Wednesday, 28 August 2013

The Age of Miracles by Karen Thompson Walker - A View of an Alternative Future ......

I've just read The Age of Miracles by Karen Thompson Walker because I was intrigued by the premise of this story: what would happen if the world slowed down on its axis and the days and nights got longer?
The scene is set in a Californian community on a sunny Saturday, everybody going about their business until the news breaks. It follows eleven-year-old Julia's story and the effect that the 'slowing', as it is called, has on her friends and family.
It reminds me of words from The Second Coming by WB Yeats:
'Things fall apart; the centre cannot hold;
                                                   Mere anarchy is loosed upon the world,'

Time as we know it no longer has any meaning; students are told to ignore the bells that sound at the end of a lesson. The day is already over twenty-five hours long, and this is just the beginning.
Some families flee inland to be with their loved ones, leaving amongst others, Julia's family and Seth, a boy she's always had her eye on, to face their strange fate.
Julia always talks about things like 'later we realized', so you know she survived, but to what cost?
She is an increasingly isolated young girl trying to make sense of an increasingly complex world where literally night is day and day is night.
I thought it was a very interesting read, aimed at anyone from young adults to adults who are curious about an alternative future.

What do you think would happen if the world slowed down on its axis?

Tuesday, 20 August 2013

I couldn't put down The Secret Keeper by Kate Morton

I began reading The Secret Keeper by Kate Morton on my Kindle on the train to the RNA Conference in Sheffield, and was totally engrossed in the story of Laurel Nicolson who, along with her baby brother, are the only witnesses to a murder in the summer of 1961.
Kate Morton takes the reader back to the events of 1941 in war torn London, and forward to 2011 and Laurel's attempts to discover the truth before her elderly mother, Dorothy, passes away.
The story centres around Dorothy, Vivien and Jimmy. How they grow up and how their lives become entwined, and what this has to do with the mysterious murder.
It is a fantastic read, and is hard to put down with all the twists and turns of the intricate plot. I was really kept guessing until the end.
Kate is as good at describing Vivien's childhood home in Tambourine Mountain, Australia, as she is at describing London in the Blitz, and all her characters are believable and true.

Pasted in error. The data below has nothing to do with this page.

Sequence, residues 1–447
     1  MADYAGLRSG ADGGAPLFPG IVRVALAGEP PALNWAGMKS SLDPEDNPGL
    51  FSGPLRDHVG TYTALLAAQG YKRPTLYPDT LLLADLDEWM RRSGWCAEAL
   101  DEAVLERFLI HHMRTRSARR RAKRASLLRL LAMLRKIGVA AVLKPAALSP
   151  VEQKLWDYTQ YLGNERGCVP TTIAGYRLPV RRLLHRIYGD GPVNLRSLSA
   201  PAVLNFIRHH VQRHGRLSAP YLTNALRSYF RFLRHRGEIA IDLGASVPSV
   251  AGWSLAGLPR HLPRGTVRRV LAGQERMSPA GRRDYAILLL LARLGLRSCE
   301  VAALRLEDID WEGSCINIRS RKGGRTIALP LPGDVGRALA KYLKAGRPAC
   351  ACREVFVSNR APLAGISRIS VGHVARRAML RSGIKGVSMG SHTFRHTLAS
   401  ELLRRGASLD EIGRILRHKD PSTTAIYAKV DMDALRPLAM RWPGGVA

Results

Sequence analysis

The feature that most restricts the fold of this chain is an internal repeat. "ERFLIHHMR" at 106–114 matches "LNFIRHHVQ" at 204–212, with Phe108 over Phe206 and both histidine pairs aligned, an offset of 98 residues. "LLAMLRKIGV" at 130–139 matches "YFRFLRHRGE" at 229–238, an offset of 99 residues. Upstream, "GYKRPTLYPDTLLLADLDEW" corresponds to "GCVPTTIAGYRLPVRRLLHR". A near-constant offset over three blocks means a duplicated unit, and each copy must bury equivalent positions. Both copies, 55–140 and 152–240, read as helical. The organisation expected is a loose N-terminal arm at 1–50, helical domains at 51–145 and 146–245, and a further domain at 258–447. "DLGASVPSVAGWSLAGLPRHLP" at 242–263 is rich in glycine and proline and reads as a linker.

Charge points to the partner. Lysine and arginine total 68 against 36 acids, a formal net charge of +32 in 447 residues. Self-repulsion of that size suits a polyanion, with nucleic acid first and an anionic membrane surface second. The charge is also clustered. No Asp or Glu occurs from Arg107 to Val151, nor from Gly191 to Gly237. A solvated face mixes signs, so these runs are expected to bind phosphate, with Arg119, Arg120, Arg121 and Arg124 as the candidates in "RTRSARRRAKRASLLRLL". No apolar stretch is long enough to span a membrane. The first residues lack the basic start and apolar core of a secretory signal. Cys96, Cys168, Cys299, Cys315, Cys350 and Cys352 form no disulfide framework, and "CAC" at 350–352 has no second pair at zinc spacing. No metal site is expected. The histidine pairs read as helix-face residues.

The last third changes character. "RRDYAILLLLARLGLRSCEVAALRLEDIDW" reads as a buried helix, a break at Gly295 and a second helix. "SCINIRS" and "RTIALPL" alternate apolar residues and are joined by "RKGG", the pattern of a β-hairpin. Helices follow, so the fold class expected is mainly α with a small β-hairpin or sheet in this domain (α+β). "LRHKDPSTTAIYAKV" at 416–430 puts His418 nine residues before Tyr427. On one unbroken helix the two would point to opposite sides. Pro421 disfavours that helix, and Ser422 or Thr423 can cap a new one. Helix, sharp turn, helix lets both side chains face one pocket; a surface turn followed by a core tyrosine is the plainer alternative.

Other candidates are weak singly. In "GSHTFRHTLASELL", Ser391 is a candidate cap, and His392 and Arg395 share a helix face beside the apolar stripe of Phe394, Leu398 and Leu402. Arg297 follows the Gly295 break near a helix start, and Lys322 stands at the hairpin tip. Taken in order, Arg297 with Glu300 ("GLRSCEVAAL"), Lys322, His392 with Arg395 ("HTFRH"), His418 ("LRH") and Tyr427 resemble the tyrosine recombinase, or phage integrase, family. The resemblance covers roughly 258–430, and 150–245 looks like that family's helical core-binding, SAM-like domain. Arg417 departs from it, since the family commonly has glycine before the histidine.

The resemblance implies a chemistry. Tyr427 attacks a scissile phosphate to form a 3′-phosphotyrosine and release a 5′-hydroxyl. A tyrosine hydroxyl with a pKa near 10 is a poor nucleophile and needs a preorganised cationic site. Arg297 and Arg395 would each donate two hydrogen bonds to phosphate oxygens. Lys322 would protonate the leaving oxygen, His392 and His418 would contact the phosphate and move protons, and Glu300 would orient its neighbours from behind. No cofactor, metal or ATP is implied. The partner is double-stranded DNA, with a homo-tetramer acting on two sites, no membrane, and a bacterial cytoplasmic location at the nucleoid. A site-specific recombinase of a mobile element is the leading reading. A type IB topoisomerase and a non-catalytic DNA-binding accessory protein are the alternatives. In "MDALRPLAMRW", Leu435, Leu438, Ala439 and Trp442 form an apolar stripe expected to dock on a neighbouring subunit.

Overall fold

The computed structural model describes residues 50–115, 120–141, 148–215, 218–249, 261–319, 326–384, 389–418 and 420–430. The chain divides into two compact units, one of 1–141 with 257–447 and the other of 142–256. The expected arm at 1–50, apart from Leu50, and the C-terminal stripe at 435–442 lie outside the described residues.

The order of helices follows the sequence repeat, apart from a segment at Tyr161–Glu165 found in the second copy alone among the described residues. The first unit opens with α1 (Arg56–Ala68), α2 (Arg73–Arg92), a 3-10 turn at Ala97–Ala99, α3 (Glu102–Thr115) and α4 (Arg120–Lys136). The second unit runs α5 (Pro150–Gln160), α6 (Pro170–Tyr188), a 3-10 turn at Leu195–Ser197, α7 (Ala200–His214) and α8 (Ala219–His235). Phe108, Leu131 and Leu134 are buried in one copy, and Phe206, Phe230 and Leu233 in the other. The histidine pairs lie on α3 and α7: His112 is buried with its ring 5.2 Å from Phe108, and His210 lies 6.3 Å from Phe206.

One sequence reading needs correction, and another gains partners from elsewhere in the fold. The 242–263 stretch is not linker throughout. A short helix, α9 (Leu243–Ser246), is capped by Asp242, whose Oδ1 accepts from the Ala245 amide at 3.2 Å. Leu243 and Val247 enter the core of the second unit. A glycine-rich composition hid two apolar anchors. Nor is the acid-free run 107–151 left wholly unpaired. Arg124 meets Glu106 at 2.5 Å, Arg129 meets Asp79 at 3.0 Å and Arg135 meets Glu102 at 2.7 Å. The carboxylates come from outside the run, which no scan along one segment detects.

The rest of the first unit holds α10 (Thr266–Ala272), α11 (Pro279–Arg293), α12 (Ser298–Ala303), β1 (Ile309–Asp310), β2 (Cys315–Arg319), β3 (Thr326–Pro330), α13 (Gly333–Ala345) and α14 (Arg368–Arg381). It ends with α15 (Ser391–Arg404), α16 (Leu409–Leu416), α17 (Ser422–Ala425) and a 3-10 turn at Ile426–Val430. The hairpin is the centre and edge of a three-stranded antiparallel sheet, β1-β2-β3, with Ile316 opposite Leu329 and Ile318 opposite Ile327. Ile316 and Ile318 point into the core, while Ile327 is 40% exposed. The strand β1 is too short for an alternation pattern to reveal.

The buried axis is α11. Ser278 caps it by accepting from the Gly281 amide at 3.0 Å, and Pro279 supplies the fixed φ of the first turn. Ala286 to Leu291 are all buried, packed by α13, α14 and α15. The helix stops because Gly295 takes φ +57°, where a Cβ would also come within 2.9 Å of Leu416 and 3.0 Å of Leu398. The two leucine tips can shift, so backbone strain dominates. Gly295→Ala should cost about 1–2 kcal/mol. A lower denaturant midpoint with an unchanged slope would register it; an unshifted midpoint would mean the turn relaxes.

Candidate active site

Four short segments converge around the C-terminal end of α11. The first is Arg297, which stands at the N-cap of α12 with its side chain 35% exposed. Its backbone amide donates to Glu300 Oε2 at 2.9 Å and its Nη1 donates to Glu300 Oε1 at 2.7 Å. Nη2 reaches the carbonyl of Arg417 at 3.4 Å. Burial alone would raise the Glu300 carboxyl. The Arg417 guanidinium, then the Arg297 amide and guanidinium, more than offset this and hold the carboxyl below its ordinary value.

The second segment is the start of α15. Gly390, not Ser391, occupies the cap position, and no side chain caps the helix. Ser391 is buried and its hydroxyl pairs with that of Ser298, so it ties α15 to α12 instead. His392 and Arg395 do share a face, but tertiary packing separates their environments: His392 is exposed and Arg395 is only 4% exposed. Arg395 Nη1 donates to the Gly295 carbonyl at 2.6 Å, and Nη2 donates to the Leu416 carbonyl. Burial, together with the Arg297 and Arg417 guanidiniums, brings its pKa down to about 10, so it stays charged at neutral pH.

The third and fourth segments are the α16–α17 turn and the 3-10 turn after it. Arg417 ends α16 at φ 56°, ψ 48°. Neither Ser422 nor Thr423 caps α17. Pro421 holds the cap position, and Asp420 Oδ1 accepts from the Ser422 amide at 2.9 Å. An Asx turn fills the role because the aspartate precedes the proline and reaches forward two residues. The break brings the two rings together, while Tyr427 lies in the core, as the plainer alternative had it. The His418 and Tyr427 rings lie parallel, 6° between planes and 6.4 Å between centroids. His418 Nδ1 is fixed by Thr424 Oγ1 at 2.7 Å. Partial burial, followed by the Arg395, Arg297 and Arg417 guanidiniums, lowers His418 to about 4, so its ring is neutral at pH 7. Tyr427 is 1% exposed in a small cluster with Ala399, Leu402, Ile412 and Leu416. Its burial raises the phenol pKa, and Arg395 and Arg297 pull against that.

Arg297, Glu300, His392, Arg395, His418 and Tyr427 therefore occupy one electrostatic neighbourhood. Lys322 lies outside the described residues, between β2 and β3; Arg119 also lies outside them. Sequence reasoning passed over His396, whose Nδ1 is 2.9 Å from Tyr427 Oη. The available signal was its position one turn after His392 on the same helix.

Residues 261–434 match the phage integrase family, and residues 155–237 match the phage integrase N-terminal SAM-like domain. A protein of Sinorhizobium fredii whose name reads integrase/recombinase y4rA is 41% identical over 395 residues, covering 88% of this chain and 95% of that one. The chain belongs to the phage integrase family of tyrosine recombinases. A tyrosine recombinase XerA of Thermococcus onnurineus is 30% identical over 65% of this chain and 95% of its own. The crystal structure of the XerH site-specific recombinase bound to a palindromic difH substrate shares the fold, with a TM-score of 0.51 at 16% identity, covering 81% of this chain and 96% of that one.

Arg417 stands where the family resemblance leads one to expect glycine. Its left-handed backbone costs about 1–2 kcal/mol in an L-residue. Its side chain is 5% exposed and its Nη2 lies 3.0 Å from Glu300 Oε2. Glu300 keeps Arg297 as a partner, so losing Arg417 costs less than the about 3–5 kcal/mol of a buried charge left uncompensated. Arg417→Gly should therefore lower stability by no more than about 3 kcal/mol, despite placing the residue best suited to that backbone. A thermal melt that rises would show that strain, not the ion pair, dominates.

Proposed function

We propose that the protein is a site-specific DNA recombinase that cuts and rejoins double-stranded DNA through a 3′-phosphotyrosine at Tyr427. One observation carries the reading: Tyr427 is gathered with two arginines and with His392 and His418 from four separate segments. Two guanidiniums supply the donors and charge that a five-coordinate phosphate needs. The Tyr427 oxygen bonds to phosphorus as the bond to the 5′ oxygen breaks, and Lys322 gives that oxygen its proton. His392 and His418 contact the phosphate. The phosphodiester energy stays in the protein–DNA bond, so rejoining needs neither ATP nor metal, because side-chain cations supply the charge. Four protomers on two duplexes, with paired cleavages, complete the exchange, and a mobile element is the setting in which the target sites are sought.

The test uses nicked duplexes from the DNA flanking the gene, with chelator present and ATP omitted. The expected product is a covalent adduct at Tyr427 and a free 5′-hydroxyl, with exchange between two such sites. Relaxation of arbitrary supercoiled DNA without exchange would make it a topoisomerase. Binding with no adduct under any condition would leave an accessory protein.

I have to mention that I was thrilled to get a hardback copy of the book at the Conference, but because it was 600 pages long, it was too heavy to read in bed, so I finished the novel on my Kindle! Also, because it was so long, it took me four weeks to read it instead of two, but it was worth it!
Have you read any of Kate Morton's novels?

Sunday, 4 August 2013

Getting Married? You Must Read The Wedding Diaries by Sam Binnie

I've really enjoyed reading The Wedding Diaries by Sam Binnie. It's the story of Kiki and Thom's wedding told in diary form - perfect for brides to be (and their mothers), though the latter may be in need of a stiff drink afterwards!
We follow Kiki through her eventful engagement; through the ups and downs of planning her wedding; meeting her family, including her pregnant sister, Suse; and the larger than life characters that she works with at Polka Dot Books; to virtually being a guest at her wedding!
Also in a parallel story, we follow the glitzy showbiz wedding preparations of one of Kiki's authors, Jacki Jones, a TV soap actress, whose extravagant plans are so different from Kiki's own.
At the end of the book Sam has provided a useful note book of hint and tips of organising your own wedding, with lots of good ideas for saving money.

She obviously draws on her experiences in writing her books, because having spent seven years in publishing and getting married, her latest book is a sequel called The Baby Diaries about her experiences of childbirth!
You can find my review here on Dot Scribbles' excellent book review site!